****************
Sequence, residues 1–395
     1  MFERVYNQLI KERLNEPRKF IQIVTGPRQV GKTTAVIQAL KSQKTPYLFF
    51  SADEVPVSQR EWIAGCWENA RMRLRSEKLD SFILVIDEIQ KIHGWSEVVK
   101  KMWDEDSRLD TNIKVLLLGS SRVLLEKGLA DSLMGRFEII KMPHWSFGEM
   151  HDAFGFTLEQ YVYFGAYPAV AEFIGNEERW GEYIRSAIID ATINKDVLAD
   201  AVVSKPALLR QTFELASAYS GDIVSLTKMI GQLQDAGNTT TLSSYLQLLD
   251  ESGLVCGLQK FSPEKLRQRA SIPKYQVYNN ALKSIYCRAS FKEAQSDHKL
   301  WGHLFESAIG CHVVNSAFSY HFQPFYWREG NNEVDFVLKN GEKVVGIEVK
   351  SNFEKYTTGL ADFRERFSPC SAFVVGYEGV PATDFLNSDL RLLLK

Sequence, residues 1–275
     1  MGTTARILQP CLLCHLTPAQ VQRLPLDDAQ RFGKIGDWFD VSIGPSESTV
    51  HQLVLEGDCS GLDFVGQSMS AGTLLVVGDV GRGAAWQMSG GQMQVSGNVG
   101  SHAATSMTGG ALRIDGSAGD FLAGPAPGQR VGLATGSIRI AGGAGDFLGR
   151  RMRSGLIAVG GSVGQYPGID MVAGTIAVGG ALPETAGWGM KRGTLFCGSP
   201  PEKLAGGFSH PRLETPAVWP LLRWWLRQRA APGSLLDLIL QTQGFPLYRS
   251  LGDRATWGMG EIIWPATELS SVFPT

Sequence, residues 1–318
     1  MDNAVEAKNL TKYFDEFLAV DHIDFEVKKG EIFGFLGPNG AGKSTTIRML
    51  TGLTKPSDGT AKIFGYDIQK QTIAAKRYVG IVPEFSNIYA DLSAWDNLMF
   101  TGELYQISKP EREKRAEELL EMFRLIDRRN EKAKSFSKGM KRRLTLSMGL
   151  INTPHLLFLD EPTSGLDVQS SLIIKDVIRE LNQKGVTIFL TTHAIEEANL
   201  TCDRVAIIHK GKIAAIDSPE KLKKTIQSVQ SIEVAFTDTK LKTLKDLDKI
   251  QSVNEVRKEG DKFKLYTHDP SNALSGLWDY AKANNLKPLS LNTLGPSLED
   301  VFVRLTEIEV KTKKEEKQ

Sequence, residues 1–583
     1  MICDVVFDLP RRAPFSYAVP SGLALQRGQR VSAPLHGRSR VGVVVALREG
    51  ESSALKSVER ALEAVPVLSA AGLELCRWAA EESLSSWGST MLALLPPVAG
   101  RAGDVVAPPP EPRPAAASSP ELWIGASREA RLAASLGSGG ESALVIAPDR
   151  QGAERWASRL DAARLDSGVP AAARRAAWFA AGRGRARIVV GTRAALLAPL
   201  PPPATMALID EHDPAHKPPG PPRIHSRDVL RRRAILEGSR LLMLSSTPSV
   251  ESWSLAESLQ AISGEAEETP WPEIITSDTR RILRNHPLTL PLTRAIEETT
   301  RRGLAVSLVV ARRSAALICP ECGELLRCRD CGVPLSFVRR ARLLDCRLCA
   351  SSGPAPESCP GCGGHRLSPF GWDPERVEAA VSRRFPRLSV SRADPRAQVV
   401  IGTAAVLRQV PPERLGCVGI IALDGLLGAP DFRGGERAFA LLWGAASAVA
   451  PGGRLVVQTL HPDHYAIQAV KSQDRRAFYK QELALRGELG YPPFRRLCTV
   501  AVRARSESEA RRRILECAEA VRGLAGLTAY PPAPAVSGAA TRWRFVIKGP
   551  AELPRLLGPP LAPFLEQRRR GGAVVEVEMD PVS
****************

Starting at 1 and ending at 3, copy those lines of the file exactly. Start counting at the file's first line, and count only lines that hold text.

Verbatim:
Sequence, residues 1–395
     1  MFERVYNQLI KERLNEPRKF IQIVTGPRQV GKTTAVIQAL KSQKTPYLFF
    51  SADEVPVSQR EWIAGCWENA RMRLRSEKLD SFILVIDEIQ KIHGWSEVVK